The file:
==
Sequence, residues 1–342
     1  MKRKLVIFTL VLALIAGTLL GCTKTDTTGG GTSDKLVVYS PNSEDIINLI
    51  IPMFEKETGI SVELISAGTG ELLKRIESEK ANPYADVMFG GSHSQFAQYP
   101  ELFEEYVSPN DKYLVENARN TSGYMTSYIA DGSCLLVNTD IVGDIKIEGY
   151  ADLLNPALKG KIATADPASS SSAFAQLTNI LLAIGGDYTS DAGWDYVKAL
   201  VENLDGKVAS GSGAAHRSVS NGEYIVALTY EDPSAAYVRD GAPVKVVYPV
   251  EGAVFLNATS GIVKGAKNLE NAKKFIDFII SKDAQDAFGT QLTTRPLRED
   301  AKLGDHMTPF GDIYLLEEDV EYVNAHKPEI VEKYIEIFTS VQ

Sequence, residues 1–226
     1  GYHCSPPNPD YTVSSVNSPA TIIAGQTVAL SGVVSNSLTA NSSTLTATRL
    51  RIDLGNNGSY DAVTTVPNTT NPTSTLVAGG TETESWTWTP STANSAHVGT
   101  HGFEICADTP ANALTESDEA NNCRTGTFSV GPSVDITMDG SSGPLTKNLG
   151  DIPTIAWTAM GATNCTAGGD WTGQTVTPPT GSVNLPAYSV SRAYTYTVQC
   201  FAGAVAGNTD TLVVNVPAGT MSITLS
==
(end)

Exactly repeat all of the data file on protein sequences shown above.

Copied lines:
Sequence, residues 1–342
     1  MKRKLVIFTL VLALIAGTLL GCTKTDTTGG GTSDKLVVYS PNSEDIINLI
    51  IPMFEKETGI SVELISAGTG ELLKRIESEK ANPYADVMFG GSHSQFAQYP
   101  ELFEEYVSPN DKYLVENARN TSGYMTSYIA DGSCLLVNTD IVGDIKIEGY
   151  ADLLNPALKG KIATADPASS SSAFAQLTNI LLAIGGDYTS DAGWDYVKAL
   201  VENLDGKVAS GSGAAHRSVS NGEYIVALTY EDPSAAYVRD GAPVKVVYPV
   251  EGAVFLNATS GIVKGAKNLE NAKKFIDFII SKDAQDAFGT QLTTRPLRED
   301  AKLGDHMTPF GDIYLLEEDV EYVNAHKPEI VEKYIEIFTS VQ

Sequence, residues 1–226
     1  GYHCSPPNPD YTVSSVNSPA TIIAGQTVAL SGVVSNSLTA NSSTLTATRL
    51  RIDLGNNGSY DAVTTVPNTT NPTSTLVAGG TETESWTWTP STANSAHVGT
   101  HGFEICADTP ANALTESDEA NNCRTGTFSV GPSVDITMDG SSGPLTKNLG
   151  DIPTIAWTAM GATNCTAGGD WTGQTVTPPT GSVNLPAYSV SRAYTYTVQC
   201  FAGAVAGNTD TLVVNVPAGT MSITLS